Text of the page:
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J Crohns Colitis. 2015 Dec;9(12):1071-8. doi: 10.1093/ecco-jcc/jjv144. Epub 2015 Aug 24.

Intraperitoneal Administration of Autologous Tolerogenic Dendritic Cells for Refractory Crohn's Disease: A Phase I Study.

Author information

1
Gastroenterology Department, Hospital Clínic de Barcelona, Barcelona, Spain Centro de Investigación Biomédica en Red de Enfermedades Hepáticas y Digestivas [CIBERhed], Hospital Clínic de Barcelona, Barcelona, Spain.
2
Centro de Investigación Biomédica en Red de Enfermedades Hepáticas y Digestivas [CIBERhed], Hospital Clínic de Barcelona, Barcelona, Spain Fundació Clínic, Hospital Clínic de Barcelona and Centre Esther Koplowitz, Barcelona, Spain.
3
Radiology Department, Hospital Clínic de Barcelona, Barcelona, Spain.
4
Hemotherapy and Hemostasis Department, Hospital Clínic de Barcelona, Barcelona, Spain.
5
Centro de Investigación Biomédica en Red de Enfermedades Hepáticas y Digestivas [CIBERhed], Hospital Clínic de Barcelona, Barcelona, Spain.

Abstract

BACKGROUND AND AIMS:

Ex vivo-generated autologous tolerogenic dendritic cells [tolDCs] can restore immune tolerance in experimental colitis. The aim of this study was to determine the safety and tolerability of administration of autologous tolDCs in refractory Crohn's disease [CD] patients.

METHODS:

A phase-I, single-centre, sequential-cohorts, dose-range study was designed. Stable tolDCs were generated ex vivo from monocytes following a previously developed protocol, and administered by sonography-guided intraperitoneal injection. Six sequential refractory-CD cohorts were established: the first three cohorts received a single intraperitoneal injection of tolDCs at escalating doses [2 x 10(6)/5 x 10(6)/10 x 10(6)]; and the last three cohorts received three biweekly intraperitoneal injections at same escalating doses. Safety was sequentially evaluated. Patients were assessed from week 0 to 12 and followed up for 1-year period for safety.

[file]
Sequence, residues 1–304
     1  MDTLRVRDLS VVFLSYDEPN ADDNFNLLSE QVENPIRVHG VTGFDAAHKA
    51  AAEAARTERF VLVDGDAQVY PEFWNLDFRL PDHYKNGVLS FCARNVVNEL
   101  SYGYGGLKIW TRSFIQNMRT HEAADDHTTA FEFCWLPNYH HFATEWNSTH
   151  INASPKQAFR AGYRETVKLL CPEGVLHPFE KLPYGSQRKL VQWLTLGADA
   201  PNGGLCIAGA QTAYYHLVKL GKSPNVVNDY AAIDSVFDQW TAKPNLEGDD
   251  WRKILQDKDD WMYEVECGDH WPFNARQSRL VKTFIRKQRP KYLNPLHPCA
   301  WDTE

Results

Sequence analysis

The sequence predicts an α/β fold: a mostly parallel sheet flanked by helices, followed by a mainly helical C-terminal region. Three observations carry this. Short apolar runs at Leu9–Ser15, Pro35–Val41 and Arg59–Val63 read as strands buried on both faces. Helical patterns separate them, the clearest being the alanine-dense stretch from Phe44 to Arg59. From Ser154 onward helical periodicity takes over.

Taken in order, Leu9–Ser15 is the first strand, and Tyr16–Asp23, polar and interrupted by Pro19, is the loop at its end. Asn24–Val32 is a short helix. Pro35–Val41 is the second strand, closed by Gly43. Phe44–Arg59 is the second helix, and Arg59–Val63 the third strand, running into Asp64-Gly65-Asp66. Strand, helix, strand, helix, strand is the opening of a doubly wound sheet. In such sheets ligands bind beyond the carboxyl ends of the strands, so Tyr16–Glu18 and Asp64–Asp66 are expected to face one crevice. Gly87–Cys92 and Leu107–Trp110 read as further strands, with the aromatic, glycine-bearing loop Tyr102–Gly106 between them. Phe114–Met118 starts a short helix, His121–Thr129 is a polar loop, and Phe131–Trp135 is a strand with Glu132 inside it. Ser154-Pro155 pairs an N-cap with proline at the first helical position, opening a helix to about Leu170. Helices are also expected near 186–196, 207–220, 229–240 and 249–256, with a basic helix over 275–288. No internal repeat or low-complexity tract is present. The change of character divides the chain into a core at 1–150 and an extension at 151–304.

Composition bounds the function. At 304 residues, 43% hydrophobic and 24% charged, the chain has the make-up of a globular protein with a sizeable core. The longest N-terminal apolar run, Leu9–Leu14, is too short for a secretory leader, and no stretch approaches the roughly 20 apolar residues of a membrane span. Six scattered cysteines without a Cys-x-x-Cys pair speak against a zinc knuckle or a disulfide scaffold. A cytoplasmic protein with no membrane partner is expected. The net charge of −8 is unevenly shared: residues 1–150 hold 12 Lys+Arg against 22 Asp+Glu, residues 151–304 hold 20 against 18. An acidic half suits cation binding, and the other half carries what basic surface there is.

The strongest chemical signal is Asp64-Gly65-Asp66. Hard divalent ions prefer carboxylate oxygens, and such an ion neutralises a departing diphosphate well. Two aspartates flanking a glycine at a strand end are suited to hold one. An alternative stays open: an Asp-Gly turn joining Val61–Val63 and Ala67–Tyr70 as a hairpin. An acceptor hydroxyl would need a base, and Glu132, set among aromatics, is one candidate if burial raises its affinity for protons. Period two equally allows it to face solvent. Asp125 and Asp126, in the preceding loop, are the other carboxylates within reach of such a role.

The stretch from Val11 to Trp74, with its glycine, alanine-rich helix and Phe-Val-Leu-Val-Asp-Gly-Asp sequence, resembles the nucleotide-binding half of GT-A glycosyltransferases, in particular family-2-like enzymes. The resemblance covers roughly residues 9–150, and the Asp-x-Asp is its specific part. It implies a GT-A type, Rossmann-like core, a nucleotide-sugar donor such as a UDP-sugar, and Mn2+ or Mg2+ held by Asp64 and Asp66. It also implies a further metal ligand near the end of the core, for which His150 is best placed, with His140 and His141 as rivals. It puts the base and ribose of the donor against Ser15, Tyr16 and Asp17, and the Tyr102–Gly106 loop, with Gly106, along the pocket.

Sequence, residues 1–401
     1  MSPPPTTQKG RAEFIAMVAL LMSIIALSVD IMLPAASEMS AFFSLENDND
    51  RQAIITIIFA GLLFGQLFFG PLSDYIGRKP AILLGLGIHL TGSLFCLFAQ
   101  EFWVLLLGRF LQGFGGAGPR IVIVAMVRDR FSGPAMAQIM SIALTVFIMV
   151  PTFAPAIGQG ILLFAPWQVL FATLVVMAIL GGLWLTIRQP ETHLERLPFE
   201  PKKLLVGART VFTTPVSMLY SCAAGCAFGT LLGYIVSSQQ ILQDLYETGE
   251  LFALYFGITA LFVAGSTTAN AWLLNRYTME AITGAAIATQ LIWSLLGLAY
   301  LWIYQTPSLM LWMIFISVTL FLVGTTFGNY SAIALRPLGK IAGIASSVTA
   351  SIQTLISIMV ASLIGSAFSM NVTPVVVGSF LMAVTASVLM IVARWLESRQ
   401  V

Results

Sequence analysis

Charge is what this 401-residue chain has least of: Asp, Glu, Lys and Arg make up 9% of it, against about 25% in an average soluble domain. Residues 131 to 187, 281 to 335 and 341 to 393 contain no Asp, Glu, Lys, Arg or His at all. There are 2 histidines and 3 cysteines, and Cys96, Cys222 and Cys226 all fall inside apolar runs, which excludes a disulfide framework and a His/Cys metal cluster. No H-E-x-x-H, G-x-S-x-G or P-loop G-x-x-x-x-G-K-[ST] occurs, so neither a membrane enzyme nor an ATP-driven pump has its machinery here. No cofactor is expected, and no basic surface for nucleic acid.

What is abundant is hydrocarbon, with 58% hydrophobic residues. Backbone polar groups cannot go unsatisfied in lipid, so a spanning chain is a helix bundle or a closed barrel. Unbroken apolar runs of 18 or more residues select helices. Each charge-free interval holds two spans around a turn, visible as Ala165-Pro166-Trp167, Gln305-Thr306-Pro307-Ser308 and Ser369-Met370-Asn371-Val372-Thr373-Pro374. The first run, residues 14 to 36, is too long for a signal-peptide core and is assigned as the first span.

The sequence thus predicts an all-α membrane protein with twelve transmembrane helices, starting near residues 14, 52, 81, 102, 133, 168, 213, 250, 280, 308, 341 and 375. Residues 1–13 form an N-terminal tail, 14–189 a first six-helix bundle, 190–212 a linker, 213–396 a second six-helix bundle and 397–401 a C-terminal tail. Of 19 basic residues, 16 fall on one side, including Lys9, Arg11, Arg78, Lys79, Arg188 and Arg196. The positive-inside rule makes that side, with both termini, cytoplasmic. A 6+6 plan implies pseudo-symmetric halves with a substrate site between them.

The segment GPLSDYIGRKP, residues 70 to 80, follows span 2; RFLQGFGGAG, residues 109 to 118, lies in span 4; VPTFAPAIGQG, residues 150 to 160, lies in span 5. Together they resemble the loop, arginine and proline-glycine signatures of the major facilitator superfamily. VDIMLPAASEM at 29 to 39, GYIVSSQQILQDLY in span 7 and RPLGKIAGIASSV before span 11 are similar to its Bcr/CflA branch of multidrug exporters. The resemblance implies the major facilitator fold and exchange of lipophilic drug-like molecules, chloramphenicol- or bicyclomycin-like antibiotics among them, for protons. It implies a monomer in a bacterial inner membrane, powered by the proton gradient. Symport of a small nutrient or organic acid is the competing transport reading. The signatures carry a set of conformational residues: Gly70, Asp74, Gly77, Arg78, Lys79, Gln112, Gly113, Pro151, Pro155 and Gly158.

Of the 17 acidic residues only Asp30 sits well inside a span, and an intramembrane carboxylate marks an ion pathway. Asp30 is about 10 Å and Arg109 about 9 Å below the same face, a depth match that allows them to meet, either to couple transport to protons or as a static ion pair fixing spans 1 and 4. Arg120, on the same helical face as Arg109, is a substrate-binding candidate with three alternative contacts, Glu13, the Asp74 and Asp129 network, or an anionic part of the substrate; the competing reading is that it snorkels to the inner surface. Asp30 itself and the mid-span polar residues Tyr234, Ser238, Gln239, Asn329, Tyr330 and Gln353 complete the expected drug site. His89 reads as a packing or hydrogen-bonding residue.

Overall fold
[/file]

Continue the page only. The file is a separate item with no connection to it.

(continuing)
RESULTS:

Nine patients were included. No adverse effects were detected during tolDC injection or follow-up. Three patients withdrew from the study due to CD worsening. Crohn's Disease Activity Index [CDAI] decreased from 274 [60] {mean (standard deviation [SD])} to 222 [113] [p = 0.3]; one [11%] patient reached clinical remission [CDAI < 150] and two [22%] clinical response [CDAI decrease ≥ 100]. Crohn's Disease Endoscopic Index of Severity [CDEIS] decreased from 18 [5] to 13 [8] [p = 0.4]; lesions improved markedly in three patients [33%]. Quality of life (inflammatory bowel disease questionnaire [IBDQ]) changed from 125 [27] to 131 [38] [p = 0.7]; remission [IBDQ at Week 12 ≥ 170] was reached in one [11%] case and response [IBDQ score increase ≥ 16] in two [22%].

CONCLUSIONS:

Intraperitoneal administration of autologous tolDCs appears safe and feasible in refractory CD patients. Further studies should be developed to test clinical benefit, determine the optimal administration route and dose, and monitor the immune responses; See [www.eudract.ema.europa.eu, EudraCT number 2007-003469-42; www.aemps.gob.es number PEI 08-049].

KEYWORDS:

Cell therapy; immune-mediated diseases; inflammatory bowel diseases

PMID:
26303633
DOI:
10.1093/ecco-jcc/jjv144
[Indexed for MEDLINE]

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